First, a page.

New leaders often bring management refreshments, but rarely as many reversals as the latest regime change in Nokia. Including former CEO Rajeev Suri, seven top executives have now either fallen by the sword or have been fired from their positions in recent months (the full list is shown below).
For Pekka Lundmark, Nokia’s newest boss, the mission is to reduce the number of decision-makers who have seats in the global leadership team to just 11, out of 17 that Nokia had under Suri. We hope that this shooting will direct and simplify business. “Even in a fairly simple mobile access contract, five members are responsible for the job and that requires a lot of coordination,” Lundmark told analysts last week.
He has now almost completed meetings for his executive team. After recently appointing new recruit Nishanta Batru as chief strategy officer for technology and technology, the company confirmed this week that Sandra Motley, president of fixed networks, will lose her seat at the table. While Motley will continue to run the fixed network business, its unit will form part of a new network infrastructure group led by Federico Guilln, already confirmed as one of Lundmark ‘s 11.
With nine other seats now occupied, Nokia is still looking for an eleventh team member to fill a role that could likely be a corporate job. This means that Gabriela Styf Sjman and Bhaskar Gorti are likely to be excluded.
Syman’s job as chief strategic officer virtually disappeared with the appointment of Nishant Batra. She discussed her future at the company, a Nokia spokesman told Light Reading last week. It is not entirely unthinkable for her to take on the role of corporate affairs.
Table 1: Executive changes at Nokia
|Name||Role||Status||In a global leadership team?|
|Rajeev Suri||Former CEO||Left||No.|
|Christian Pullola||Former Chief Financial Officer||Left||No.|
|Pekka Lundmark||Executive Director||Confirmed||Yes|
|Marco Wirn||Chief Financial Officer||Confirmed||Yes|
|Nassib Abbou-Khalil||Chief Legal Officer||Confirmed||Yes|
|Barry French||Chief Marketing Officer||Left||No.|
|Gabriela Styf Sjman||Former head of strategy||In conversations||Uncertain|
|Marcus Weldon||Former head of technology||Left||No.|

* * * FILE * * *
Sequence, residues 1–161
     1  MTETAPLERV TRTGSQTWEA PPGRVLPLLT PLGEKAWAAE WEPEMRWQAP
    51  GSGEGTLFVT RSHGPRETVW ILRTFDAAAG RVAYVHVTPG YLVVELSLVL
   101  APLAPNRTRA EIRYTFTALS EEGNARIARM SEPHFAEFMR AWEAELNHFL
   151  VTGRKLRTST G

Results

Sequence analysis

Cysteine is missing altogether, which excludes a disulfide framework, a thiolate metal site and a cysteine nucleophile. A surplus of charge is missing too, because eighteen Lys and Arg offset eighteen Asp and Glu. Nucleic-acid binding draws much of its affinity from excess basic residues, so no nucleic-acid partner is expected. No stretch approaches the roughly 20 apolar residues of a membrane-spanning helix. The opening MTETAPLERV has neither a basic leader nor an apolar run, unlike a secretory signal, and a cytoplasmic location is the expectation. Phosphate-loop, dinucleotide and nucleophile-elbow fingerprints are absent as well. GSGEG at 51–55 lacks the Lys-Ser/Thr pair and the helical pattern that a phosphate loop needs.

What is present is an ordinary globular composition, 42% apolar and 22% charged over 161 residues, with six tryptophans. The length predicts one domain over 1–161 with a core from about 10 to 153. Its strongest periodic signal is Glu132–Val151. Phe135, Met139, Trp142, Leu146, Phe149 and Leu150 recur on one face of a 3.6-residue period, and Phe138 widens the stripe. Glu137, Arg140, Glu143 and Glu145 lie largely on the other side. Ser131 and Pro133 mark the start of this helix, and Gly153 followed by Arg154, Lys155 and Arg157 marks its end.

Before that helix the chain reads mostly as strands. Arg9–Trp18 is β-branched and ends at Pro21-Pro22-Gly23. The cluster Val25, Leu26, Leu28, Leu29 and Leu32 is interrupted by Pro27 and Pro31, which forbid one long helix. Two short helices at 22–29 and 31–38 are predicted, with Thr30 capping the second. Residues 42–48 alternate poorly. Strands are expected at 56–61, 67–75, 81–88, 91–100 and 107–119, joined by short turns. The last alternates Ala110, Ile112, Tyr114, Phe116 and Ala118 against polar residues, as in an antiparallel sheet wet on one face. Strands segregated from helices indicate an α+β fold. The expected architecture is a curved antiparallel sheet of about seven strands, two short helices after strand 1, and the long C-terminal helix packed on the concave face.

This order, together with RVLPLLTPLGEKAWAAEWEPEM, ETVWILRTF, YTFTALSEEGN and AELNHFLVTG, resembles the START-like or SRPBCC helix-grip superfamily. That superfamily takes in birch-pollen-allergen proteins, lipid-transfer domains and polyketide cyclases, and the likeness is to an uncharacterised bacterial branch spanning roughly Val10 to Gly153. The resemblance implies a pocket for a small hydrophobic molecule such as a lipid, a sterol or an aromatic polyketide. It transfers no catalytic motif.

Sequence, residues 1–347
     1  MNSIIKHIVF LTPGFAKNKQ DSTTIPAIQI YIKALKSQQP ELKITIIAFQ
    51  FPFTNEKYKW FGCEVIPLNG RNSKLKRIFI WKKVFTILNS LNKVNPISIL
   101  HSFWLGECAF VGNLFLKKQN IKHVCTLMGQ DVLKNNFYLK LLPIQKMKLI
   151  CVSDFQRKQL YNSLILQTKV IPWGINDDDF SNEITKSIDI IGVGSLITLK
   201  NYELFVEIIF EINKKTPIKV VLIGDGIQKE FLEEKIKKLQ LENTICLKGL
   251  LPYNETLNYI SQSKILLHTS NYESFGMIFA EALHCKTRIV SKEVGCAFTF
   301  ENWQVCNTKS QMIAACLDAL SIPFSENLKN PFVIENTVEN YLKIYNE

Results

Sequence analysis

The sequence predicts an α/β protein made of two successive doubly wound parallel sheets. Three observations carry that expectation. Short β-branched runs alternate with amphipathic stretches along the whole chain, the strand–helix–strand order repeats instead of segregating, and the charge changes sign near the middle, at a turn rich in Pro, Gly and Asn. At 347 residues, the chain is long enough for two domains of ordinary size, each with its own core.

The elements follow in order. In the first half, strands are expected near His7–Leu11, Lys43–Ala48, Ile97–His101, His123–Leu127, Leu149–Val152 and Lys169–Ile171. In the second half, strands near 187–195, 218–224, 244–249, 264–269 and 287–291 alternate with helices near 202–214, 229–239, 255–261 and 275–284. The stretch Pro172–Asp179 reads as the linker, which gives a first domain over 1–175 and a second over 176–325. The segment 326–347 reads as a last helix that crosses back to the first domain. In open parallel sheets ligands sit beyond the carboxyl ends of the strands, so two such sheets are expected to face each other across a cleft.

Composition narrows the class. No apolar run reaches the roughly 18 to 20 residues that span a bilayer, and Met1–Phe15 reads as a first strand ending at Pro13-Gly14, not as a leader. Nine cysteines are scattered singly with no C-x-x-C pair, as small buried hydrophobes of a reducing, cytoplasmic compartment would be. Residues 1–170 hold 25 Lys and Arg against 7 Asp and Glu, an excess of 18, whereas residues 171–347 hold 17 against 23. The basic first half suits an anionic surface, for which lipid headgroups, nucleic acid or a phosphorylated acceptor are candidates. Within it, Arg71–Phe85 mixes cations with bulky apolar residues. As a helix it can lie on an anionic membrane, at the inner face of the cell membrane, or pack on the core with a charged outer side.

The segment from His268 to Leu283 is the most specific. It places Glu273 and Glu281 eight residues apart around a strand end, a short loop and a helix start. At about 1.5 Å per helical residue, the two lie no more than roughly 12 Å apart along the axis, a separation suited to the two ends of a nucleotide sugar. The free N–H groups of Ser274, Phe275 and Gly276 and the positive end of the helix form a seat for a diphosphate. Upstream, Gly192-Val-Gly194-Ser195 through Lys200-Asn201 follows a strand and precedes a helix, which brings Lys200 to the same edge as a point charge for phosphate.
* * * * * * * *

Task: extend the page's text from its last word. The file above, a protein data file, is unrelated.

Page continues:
|Nishant Batra||Chief Officer for Strategy and Technology||Confirmed||Yes|
|Stephanie Werner-Dietz||Chief Human Resources Officer||Confirmed||Yes|
|Tommy Uitto||President of Mobile Networks||Confirmed||Yes|
|Sandra Motley||President of fixed networks||Appointed fixed network chief||No.|
|Rahgav Sahgal||President of Nokia Enterprise||Appointed head of cloud and network services||Yes|
|Jenny Lukander||President of Nokia Technologies||Confirmed||Yes|
|Basil Alwan||Co-Chair of IP / Optical Networks||Taking on an advisory role||No.|
|Sri Reddy||Co-Chair of IP / Optical Networks||Taking on an advisory role||No.|
|Bhaskar Gorti||President of Nokia Software and Chief Digital Officer||Uncertain||Uncertain|
|Sanjay Goel||President of Global Services and Operations||Left||No.|
|Ricky Corker||President of Customer Operations, America||Appointed head of user experience||Yes|
|Federico Guilln||President of Customer Operations, EMEA and APAC||Appointed head of network infrastructure||Yes|
Gorti is in a similar position as Motley. His software business has been introduced into a new cloud and network services unit to be run by Rahgav Sahgal, until now president of Nokia’s business. Like Motley, Gorty could settle for a less senior role, but that’s by no means certain.
Other members of the global leadership team, however, did not reach an agreement. Basil Alwan and Sri Reddy, co-chairs of the IP and optical networks business, will step down after their unit is absorbed into the network of Guill’s network infrastructure. However, they will continue to advise Nokia for most of 2021, the company announced this week. “Sri and I are committed to ensuring the smooth and uninterrupted continuation of service for our customers,” Alwan said in a prepared statement.
Securing the services of two such respected industry executives should help reduce the disruption for Nokia, as Lundmark intervenes in a completely different form. It is thinning out sophisticated corporate functions by redirecting 14,000 of its employees to its new business groups: mobile network, network infrastructure, cloud services and a licensing unit (Nokia Technologies) that will continue as before.
Further job losses seem inevitable as Nokia tries to increase the profit margins suffered under previous management. The average number of employees in the company decreased by almost 4,800 positions last year, to 98,322. “Rationalization” and “simplification,” words Lundmark prominently used during last week’s discussion with analysts, are activities that are likely to impact the entire organization, not just Nokia’s global management team.
Iain Morris, international editor, reading light